I wish I was there to watch the process server attempt to penetrate GFK's security detail.
The court gave Urbont more time but apparently the best he could do was serve Ghostface's agent. According to a motion filed by GFK's lawyer, this is insufficient service because an entertainer's agent cannot accept service on behalf of the entertainer. I note that this motion reports an AOL email address in the signature block -- I expected the Wallabee Champ would retain counsel with a gmail account, at a minimum, but this really has no impact on whether service was proper. If service was improper then the amended complaint will likely be dismissed with respect to Ghostface. Ask a lawyer if you want to know for sure.
Meanwhile, Sony filed a motion to dismiss claiming that Urbont's claims were brought too late with respect to all potential infringement prior to May 21, 2007. The judge issued her decision on Tuesday. She wrote that:
Defendant Coles is a well-known "musician, performer, and producer," formerly a member of the group the Wu-Tang Clan.
Formerly?! I guess Judge Buchwald doesn't know about this. Here's a preview:
The judge first explained whether Urbont's federal copyright claim accrued at the time of the alleged infringement ("the injury rule") or at the time when he learned of the alleged infringement ("the discovery rule"). She applied the injury rule, following Second Circuit precedent. Because Sony and Urbont entered into a tolling agreement in May of 2010, the "injuries" that occurred more than three years before then were time barred. So Sony won on this issue. The judge also noted that the First, Third, Fifth, Sixth, Seventh, and Ninth Circuits follow the discovery rule, so Urbont would have won on this issue if he had filed in, say, Boston, Newark, Houston, Detroit, Chicago, or LA. This is at least one reason why people hate lawyers.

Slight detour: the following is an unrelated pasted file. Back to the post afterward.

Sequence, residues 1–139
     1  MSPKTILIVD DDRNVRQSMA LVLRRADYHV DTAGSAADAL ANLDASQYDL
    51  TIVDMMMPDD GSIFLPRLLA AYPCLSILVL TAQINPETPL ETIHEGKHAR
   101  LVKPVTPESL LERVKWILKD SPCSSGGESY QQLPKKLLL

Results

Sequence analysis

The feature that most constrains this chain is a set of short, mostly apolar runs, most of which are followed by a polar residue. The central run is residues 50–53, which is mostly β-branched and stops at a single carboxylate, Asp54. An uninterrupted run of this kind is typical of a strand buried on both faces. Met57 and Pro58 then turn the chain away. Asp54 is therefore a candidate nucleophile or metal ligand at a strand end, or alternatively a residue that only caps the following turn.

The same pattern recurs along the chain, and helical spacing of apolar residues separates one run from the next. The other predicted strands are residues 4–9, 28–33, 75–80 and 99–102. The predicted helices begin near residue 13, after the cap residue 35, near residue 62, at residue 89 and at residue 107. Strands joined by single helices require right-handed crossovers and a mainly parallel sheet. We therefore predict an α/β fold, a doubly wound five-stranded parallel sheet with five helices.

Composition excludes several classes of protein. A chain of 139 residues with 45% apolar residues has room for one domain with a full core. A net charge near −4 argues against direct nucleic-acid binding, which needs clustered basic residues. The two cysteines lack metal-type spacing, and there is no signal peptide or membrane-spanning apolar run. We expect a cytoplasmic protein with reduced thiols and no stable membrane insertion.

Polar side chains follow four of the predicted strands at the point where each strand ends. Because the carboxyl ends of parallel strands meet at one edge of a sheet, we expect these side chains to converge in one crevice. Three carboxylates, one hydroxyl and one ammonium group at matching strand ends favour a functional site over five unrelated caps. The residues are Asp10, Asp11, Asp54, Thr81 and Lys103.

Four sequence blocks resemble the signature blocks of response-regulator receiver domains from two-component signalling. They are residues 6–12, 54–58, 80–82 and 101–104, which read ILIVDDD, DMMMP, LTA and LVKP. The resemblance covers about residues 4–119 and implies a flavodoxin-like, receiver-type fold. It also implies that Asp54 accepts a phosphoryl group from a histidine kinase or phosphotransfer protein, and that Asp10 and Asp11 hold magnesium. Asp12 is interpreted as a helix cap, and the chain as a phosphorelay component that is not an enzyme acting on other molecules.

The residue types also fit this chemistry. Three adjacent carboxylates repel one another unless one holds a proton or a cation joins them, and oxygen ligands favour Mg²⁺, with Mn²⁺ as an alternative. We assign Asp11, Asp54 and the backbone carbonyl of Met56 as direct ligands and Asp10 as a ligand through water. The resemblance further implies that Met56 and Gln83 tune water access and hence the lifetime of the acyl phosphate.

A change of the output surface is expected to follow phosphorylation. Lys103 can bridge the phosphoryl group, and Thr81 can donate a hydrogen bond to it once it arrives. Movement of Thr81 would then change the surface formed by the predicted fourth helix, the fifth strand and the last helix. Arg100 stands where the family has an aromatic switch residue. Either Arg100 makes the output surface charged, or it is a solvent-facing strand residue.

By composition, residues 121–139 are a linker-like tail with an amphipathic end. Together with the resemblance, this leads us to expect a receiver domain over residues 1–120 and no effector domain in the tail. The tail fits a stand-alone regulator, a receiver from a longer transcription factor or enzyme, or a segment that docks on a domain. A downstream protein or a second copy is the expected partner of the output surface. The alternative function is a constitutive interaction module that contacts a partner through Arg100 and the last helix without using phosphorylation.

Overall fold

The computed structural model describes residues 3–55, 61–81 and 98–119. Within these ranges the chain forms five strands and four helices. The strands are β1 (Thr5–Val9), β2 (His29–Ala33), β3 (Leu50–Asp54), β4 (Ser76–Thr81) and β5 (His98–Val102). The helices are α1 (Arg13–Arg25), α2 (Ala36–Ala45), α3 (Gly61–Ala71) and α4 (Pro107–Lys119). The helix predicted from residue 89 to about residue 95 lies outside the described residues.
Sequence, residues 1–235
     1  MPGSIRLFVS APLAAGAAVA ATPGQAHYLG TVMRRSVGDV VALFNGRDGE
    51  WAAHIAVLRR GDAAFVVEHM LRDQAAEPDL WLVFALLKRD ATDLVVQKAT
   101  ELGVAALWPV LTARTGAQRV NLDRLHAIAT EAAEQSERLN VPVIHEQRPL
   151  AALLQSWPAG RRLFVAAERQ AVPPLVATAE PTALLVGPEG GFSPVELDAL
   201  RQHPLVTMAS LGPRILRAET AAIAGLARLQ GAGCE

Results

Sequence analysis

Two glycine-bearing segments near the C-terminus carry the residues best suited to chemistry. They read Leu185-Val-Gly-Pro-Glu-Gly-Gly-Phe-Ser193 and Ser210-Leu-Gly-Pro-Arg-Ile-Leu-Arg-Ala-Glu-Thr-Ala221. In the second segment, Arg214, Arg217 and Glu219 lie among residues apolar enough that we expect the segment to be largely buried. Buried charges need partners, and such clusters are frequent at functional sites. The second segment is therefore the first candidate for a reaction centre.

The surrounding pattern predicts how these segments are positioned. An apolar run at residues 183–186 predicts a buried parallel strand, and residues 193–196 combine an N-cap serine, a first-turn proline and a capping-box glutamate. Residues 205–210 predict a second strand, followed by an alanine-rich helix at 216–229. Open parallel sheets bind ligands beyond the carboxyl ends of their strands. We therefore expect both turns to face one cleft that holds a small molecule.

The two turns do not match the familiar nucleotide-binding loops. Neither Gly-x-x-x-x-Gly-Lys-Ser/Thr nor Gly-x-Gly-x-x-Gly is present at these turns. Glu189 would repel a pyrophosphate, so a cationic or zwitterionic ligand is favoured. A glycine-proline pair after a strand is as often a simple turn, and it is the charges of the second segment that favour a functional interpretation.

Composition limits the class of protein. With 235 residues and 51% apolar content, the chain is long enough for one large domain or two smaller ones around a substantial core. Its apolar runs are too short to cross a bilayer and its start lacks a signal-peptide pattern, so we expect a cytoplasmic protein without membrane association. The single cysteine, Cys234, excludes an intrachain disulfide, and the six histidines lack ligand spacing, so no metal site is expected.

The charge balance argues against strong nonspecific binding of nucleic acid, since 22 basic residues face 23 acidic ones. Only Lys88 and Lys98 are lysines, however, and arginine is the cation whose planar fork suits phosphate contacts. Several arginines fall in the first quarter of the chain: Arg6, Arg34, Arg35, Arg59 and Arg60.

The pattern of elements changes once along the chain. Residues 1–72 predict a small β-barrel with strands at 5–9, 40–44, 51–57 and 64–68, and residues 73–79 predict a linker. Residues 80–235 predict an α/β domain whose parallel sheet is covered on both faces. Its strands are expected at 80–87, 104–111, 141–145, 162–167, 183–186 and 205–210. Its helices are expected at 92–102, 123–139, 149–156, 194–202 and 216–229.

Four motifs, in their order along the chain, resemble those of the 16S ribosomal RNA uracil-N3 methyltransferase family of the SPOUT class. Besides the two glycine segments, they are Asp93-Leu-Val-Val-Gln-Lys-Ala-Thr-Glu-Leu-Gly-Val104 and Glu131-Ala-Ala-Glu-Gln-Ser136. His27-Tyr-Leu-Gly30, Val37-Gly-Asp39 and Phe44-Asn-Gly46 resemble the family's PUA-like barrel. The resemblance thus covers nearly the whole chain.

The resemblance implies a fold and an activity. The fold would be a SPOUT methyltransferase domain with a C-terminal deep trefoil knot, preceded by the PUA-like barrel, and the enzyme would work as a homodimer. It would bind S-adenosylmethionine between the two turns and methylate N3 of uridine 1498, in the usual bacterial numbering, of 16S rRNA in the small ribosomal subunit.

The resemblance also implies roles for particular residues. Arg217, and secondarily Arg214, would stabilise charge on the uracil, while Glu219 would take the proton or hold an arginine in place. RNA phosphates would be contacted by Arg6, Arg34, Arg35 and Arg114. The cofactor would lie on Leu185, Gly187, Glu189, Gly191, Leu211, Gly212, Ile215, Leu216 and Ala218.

Part of Judge Buchwald's opinion dismissing the federal copyright claim distinguished the Second Circuit case Kwan v. Schlein. I note this only because she later analogized to Kwan in support of her decision to allow Urbont's state law claims to proceed, writing that "[i]t would seem only logical for federal and state claims based on copyright infringement to accrue in a parallel manner." This probably makes perfect sense if you're a lawyer. This is another reason why people hate lawyers.
Urbont's state law claim was not dismissed because the Wallabee Kingpin's alleged infringement was not analogous to the tort of conversion (i.e., Pretty Tone's use of the jingle didn't prevent Urbont from using the jingle), and was instead analogous to the tort of trespass (i.e., GFK merely interfered with Urbont's jingle). Therefore, each separate act of infringement gives rise to a separate cause of action. This result is somewhat incongruous, at least in my feeble brain. If someone completely destroys your copyrighted material so that you can never make any money off it again, you only have a limited time to sue them. But if someone rips you off in a way that doesn't prevent you from continuing to make money off your copyrighted material, you can probably go after them in perpetuity (well, until 70 years after your death, but who's counting)? Thank you Sonny Bono!
Unrelatedly, feel free to get me these Stan Smith X Pretty Toney kicks for my birthday: